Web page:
Having strong passwords is important, but with the number of web services requiring a password these days, it can be tempting to use the same one for multiple sites. To make the creation and storage of complex and differing passwords less taxing, several applications and services are available to safely store your passwords so that you don’t have to remember a specific website’s password. With these apps, you create one “master” password that holds the key to the passwords of all the websites you visit. You can enter the password for a given website into the app and essentially forget about it. The app will encrypt your password so it will only be available when you enter your one master password. It is of course essential that your master password be a good one (long and complex), but remembering just one of these is far easier than remembering dozens of them, right?
There are a number of password management services and apps. Here are a few things to keep in mind when selecting one:
- How safe is the service you’re subscribing to? Be sure to research the product online and read reviews from trusted sites like www.pcworld.com and www.cnet.com. Be sure to check out blogs like lifehacker.com and www.howstuffworks.com that can also provide a good range of views and real-life opinions.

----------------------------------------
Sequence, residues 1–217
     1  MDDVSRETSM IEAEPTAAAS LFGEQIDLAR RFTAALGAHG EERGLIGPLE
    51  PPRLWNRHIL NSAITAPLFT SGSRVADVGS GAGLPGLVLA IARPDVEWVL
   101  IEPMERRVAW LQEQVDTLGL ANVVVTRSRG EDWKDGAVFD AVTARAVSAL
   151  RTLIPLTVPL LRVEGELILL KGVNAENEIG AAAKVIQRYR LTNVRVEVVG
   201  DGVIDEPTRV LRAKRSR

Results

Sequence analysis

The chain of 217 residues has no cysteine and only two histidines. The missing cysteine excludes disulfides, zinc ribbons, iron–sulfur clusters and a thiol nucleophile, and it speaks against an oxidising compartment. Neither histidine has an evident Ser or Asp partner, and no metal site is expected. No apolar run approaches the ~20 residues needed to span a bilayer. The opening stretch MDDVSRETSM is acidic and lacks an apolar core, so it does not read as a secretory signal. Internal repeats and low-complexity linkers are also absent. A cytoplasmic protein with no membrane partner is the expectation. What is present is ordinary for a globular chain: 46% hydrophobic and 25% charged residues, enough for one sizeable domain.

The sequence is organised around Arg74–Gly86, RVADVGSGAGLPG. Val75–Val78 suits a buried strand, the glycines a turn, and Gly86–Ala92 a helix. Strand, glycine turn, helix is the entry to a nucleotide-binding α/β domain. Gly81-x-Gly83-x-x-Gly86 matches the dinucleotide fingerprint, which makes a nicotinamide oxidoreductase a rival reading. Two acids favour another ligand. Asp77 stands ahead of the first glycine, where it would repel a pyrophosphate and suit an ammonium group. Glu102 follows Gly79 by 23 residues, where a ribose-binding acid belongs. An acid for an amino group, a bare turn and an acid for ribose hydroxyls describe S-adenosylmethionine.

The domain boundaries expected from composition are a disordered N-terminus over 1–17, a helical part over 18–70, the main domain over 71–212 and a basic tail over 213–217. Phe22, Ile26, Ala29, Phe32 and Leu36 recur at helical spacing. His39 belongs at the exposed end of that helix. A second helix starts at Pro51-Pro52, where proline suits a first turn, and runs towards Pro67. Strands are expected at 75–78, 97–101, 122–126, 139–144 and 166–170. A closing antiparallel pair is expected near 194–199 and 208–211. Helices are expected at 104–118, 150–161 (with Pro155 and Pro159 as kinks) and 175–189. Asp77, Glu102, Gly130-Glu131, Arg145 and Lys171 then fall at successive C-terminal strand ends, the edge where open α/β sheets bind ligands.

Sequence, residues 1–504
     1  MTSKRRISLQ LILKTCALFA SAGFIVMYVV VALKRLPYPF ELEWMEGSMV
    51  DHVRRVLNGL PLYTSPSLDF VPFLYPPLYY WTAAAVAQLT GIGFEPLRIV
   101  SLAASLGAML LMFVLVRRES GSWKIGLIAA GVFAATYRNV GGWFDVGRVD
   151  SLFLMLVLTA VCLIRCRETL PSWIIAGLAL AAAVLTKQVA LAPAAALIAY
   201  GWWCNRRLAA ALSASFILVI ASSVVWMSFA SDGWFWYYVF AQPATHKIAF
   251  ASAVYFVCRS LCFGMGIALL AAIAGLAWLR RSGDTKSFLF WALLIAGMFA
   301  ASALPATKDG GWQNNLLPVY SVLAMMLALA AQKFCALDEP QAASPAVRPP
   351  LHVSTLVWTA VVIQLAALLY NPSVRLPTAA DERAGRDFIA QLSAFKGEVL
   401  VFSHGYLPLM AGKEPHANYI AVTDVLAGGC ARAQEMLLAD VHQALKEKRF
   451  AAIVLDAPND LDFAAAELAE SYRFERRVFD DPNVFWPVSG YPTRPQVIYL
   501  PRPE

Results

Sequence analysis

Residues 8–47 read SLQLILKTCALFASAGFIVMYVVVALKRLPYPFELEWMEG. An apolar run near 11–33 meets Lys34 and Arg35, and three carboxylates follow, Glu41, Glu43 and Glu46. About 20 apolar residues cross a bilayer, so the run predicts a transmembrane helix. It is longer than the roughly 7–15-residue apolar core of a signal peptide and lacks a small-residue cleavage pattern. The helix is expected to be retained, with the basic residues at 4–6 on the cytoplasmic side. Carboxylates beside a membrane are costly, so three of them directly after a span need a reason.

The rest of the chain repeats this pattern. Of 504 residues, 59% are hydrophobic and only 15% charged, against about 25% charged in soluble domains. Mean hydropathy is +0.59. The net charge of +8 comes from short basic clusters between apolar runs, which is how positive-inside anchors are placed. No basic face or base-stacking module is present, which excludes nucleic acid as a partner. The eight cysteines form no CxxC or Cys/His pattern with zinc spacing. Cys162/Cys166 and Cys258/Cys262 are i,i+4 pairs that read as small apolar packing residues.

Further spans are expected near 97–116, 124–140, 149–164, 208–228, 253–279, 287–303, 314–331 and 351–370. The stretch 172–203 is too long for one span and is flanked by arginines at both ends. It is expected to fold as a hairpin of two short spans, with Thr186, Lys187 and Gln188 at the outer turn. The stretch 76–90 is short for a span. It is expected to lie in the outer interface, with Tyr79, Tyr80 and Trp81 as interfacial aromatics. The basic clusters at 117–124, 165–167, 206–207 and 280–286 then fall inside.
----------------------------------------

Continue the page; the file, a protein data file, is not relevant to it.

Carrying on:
- Where will you primarily be accessing your passwords? If you use only one computer, this may not be a top concern for you. However if you use a work desktop, log onto your smartphone on your lunch break, and then come home to your notebook you may want to consider a service that works across multiple platforms and devices. Syncing your password storage will make your life easier and will require less manual updating across all your desktops. For smartphone users, here are a few reasons to consider this feature.
- How much do you want to spend? Services vary in their offerings just as much as they do in their charges. Weigh your options.
For reviews and a list of the top password management products being offered today, refer to the following articles:
- From PC Mag: Six Great Password Managers
- From CNET a list of the top downloaded password managers and reviews: Password Managers
- From Lifehacker: Five Best Password Managers